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SpaceX’s Inspiration4 launch boosts population of space to record-breaking 14 people

Half of them will be back on Earth by this weekend, though.

The four civilian astronauts of SpaceX's Inspiration4 mission sit inside their Crew Dragon Resilience spacecraft for a dress rehearsal of their planned launch from NASA's Kennedy Space Center Launch Complex 39A on Sept. 15, 2021.
The four civilian astronauts of SpaceX’s Inspiration4 mission sit inside their Crew Dragon Resilience spacecraft for a dress rehearsal of their planned launch from NASA’s Kennedy Space Center Launch Complex 39A.

Earth orbit has never been so crowded.

The launch of SpaceX’s Inspiration4 mission last night (Sept. 15) brought the population of the final frontier to 14, one more than the previous high.

Those 14 folks are living aboard three different spacecraft. The Inspiration4 crew — Jared Isaacman, Hayley Arceneaux, Sian Proctor and Chris Sembroski — are zooming around Earth in a SpaceX Crew Dragon capsule.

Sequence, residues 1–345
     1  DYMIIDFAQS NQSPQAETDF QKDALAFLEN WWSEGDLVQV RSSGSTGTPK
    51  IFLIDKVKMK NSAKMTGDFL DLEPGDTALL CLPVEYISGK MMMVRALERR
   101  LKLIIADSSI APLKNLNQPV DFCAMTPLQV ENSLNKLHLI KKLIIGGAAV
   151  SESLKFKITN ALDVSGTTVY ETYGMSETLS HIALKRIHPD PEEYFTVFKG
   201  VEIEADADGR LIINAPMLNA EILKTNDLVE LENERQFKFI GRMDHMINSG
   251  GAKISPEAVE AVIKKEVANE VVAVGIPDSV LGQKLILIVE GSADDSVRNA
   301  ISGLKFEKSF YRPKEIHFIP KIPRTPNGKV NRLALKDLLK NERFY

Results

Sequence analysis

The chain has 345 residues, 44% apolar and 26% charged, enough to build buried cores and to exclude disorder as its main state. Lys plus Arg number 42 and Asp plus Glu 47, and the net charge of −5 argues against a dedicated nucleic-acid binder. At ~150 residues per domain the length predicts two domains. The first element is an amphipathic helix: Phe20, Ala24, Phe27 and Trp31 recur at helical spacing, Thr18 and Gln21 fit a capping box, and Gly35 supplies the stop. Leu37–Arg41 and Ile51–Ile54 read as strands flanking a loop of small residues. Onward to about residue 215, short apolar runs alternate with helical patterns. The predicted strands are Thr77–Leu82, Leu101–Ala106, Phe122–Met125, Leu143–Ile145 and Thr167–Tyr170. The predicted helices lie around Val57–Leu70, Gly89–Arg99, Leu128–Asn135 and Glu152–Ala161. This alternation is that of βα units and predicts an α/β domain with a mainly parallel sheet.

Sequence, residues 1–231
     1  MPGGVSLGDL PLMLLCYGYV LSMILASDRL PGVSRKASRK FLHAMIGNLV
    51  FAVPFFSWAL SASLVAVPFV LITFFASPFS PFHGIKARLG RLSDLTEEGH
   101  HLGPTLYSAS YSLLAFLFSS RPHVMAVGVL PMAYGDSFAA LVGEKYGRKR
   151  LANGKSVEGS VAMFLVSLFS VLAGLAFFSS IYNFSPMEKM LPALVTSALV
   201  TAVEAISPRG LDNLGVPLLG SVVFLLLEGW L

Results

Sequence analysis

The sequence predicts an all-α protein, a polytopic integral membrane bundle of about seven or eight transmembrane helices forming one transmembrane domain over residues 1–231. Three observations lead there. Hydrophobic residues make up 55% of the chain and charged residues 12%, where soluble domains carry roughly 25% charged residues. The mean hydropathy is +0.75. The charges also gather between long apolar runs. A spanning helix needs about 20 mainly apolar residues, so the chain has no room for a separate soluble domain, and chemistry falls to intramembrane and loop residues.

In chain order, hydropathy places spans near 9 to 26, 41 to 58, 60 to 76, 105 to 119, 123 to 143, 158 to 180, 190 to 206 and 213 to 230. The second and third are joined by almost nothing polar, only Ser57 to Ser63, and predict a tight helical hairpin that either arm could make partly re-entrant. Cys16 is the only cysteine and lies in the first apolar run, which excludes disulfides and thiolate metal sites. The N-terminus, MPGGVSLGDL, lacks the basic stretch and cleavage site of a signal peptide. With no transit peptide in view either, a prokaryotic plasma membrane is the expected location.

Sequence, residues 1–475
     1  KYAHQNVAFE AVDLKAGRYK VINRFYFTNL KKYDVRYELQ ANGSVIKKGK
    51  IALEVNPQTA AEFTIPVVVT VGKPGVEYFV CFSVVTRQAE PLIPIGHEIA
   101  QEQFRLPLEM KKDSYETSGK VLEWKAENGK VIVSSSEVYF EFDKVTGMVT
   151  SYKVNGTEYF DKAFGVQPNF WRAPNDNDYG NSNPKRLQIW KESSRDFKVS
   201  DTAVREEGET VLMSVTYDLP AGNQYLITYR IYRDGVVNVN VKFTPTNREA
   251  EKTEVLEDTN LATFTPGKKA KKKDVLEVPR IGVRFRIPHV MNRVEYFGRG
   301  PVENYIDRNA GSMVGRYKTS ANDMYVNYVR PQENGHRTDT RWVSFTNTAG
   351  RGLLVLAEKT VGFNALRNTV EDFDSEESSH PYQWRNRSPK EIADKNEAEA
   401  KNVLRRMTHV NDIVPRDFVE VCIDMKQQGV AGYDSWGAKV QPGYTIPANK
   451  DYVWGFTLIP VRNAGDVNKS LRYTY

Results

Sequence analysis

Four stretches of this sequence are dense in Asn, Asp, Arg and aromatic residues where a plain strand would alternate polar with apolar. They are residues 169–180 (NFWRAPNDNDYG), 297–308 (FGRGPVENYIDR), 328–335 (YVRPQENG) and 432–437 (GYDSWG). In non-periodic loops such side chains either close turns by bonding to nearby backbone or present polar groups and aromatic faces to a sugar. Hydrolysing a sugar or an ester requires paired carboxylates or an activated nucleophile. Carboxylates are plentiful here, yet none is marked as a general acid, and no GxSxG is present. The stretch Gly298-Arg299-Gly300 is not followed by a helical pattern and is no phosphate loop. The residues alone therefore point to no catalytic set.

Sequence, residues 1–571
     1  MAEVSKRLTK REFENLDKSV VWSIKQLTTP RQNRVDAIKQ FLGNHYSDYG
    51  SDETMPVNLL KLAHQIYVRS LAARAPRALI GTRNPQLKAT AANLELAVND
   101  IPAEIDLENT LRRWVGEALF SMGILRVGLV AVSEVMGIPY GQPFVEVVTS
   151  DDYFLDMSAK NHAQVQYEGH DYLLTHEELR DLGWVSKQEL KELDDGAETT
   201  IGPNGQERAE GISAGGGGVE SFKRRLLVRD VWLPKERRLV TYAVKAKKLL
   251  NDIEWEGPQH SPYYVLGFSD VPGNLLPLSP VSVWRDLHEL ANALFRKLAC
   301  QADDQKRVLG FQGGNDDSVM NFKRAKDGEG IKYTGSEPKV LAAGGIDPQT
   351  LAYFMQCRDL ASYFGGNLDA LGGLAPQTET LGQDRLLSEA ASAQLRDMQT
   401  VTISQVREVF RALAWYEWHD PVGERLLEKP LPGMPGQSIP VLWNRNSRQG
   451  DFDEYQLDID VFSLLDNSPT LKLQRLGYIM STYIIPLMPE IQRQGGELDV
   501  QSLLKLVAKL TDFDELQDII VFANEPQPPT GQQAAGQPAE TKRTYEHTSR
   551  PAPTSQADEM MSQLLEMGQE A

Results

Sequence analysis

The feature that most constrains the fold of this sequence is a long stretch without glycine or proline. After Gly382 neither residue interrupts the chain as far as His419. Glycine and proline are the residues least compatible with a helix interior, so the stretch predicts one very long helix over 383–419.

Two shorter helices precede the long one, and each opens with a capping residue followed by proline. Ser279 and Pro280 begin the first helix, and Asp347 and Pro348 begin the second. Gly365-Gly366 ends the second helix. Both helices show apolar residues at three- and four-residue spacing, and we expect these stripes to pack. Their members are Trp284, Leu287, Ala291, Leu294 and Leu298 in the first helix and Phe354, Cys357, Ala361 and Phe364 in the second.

Meanwhile, the International Space Station currently hosts seven people: NASA astronauts Shane Kimbrough, Megan McArthur and Mark Vande Hei; Russian cosmonauts Pyotr Dubrov and Oleg Novitskiy; Japan’s Akihiko Hoshide; and the European Space Agency’s Thomas Pesquet. And Chinese astronauts Nie Haisheng, Liu Boming and Tang Hongbo are living aboard Tianhe, the core module for China’s planned Tiangong space station.

“All the best to the crew of Inspiration 4!” Vande Hei wrote on Twitter before SpaceX’s launch. “Private astronaut missions are part of the plan to help NASA meet its future needs. Those missions enable a strong market in low-Earth orbit, a market in which NASA will be one of many customers. Go, Inspiration! Go!”

The spaceflyer ranks will thin out soon, however. Inspiration4 will come back down to Earth on Saturday (Sept. 18), and the Shenzhou 12 mission of Nie, Liu and Tang is rumored to be ending early Friday morning (Sept. 17). (The murkiness around Shenzhou 12 is the norm, because China doesn’t publicize many details of its human spaceflight plans in advance.)

The previous record of 13 simultaneous spaceflyers has been set several times. In March 1995, for example, seven astronauts orbited Earth aboard NASA’s space shuttle Endeavour while six folks did the same on Russia’s Mir space station. And in March 2009, the International Space Station briefly hosted 13 crewmembers all by itself. 

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